I freely admit that I’m a complete nerd when it comes to studying proper form when strength training. I even go so far as to analyze videos on YouTube and Instagram and critique the form of the posters. I’m sure that this is partly due to a slight case of OCD, but much of it is rooted in a desire to achieve maximum results when weight training and to avoid injury.
Why does this matter so much? As BJJ practitioners (and especially for 40 plus practitioners), and as human beings with busy lives, we need to make every moment and effort count. This is especially true with regard to our hobbies so that we can have more time available for family and career. And it allows us to have more energy and time to devote to our BJJ practice. Studying a martial can be taxing enough, especially as we age, so it’s important for our supplementary training to be as efficient as possible.
In a previous post, I did a review of Pavel Tsatsouline’s Simple & Sinister book and program. You can access that post here. One of the most important insights that Pavel shares is that with the Simple & Sinister program, we can do the bare minimum of work to maintain strength and mobility so that we don’t detract from whatever our primary pursuit is, whether it’s a martial art, law enforcement, or spec ops. We should train enough to keep our bodies ready for action, but not so much that we’re too fatigued to do our primary work. And for those of us 40 plus practitioners who sometimes have many more work and family commitments, this approach can be especially helpful for how we manage our time.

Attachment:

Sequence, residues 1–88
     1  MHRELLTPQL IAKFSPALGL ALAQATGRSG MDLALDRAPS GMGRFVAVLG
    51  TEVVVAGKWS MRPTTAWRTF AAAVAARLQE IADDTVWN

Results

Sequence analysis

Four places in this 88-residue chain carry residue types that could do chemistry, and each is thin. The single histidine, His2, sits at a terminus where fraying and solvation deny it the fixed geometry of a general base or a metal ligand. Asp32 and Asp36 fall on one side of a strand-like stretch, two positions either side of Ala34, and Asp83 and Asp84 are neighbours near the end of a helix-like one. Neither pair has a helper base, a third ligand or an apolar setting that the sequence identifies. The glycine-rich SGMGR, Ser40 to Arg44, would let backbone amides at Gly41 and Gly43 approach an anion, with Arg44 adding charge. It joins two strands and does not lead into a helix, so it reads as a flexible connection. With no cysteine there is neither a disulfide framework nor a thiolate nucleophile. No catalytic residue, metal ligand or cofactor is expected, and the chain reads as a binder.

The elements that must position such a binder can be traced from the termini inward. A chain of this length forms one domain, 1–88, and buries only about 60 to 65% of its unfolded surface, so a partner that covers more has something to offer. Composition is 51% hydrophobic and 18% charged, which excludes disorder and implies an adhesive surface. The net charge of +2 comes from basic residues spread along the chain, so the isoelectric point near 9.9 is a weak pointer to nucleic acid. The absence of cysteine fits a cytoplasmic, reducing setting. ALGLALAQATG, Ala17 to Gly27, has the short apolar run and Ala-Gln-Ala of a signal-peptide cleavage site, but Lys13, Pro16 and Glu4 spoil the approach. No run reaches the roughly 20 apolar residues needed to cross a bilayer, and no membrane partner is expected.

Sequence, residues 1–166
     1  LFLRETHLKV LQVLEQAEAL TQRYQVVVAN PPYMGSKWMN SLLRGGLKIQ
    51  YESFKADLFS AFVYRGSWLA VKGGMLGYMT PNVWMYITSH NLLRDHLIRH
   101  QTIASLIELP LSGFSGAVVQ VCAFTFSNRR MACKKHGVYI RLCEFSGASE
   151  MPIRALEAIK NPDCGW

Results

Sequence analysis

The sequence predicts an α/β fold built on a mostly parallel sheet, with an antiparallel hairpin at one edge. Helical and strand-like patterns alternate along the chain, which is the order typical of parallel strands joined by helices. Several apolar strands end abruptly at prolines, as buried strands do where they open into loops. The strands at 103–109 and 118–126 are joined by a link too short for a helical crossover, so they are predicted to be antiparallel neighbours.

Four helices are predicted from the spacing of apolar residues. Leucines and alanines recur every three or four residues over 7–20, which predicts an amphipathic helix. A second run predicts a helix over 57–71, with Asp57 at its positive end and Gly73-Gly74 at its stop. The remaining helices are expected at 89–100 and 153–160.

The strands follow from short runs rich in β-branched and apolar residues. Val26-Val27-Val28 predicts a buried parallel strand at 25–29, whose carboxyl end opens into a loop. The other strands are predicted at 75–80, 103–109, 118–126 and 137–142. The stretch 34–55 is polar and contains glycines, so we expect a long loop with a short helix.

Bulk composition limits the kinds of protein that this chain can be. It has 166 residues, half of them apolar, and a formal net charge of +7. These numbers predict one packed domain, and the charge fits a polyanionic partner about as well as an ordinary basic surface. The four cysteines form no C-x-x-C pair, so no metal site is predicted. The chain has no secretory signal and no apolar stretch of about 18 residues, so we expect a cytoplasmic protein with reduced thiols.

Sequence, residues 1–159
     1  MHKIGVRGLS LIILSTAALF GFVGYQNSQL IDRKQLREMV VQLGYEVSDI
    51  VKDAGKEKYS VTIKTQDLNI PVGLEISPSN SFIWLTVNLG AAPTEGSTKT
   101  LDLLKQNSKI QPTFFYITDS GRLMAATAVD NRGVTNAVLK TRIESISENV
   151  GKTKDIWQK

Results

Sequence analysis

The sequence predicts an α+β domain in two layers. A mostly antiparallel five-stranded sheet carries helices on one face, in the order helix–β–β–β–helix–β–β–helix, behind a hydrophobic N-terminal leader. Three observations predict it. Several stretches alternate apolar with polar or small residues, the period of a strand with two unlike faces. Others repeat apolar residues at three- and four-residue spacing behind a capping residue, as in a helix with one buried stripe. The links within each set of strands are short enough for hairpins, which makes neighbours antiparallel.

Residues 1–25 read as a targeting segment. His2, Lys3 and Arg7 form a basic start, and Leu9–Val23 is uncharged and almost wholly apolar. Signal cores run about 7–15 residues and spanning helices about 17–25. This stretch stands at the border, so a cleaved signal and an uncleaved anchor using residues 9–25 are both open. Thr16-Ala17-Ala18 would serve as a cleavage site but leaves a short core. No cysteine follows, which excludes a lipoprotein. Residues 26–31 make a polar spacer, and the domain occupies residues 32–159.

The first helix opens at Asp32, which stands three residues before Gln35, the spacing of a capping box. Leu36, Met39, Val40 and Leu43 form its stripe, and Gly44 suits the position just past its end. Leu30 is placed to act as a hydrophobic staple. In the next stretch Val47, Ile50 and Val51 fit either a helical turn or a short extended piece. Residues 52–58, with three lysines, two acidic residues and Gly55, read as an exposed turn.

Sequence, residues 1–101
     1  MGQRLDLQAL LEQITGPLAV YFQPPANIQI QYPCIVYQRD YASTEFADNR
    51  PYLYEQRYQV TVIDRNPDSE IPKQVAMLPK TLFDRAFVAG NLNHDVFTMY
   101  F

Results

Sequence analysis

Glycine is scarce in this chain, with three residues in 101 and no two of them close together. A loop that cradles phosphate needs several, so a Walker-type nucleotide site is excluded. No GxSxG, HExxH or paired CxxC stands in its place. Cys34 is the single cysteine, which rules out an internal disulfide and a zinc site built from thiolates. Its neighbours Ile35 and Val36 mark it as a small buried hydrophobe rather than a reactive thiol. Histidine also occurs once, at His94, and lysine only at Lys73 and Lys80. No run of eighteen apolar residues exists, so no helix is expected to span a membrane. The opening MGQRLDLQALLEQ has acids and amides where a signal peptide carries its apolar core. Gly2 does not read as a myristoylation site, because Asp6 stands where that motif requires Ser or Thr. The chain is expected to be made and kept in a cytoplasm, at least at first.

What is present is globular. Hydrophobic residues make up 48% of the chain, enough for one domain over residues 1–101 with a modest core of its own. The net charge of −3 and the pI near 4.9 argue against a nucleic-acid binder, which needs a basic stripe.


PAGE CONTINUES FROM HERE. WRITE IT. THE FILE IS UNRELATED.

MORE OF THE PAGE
I would argue that this applies equally to using proper form when training. Whenever I see a video of someone using momentum to move a weight or not using full range of motion, I privately lament how inefficient their use of time is. Furthermore, much of the poor form I see also increases the chances for injury.
In BJJ, we need to develop strength and mobility throughout the entire range of motion, and this often extends into ranges of motion that don’t always come naturally to our physiques. Practicing our strength training with mindfulness, awareness, and conviction has multiple benefits. First, as mentioned earlier, it enables us to develop strength throughout the entire range of motion. Second, it allows us to practice and burn into our muscle memory the safest and most efficient ways of performing the primary muscle movements (push, pull, hip hinge) so that we can perform these movements more efficiently during our BJJ training. Third, it enables a mindset with regard to training that teaches us to train any and all muscles movements with care and precision, which increases the likelihood that we’ll utilize better control when we’re rolling. This is safer and more efficient. As a 40 plus BJJ practitioner, I find that focusing on form is especially important for staying safe, healthy, and injury free.
I would encourage all BJJ practitioners to read Pavel’s Simple & Sinister as well as checking out Mark Rippetoe’s Starting Strength, anything that Dan John has written, as well as Scott Iardella’s series of books on strength training. All of these authors are at the top of the strength training field, and they all write in a clear and accessible manner. I’ve reaped enormous benefits from following their books, blogs, and podcasts and I consider their writing a must for any martial artist.
Starting Strength: Basic Barbell Training, 3rd edition
Kettlebell Simple & Sinister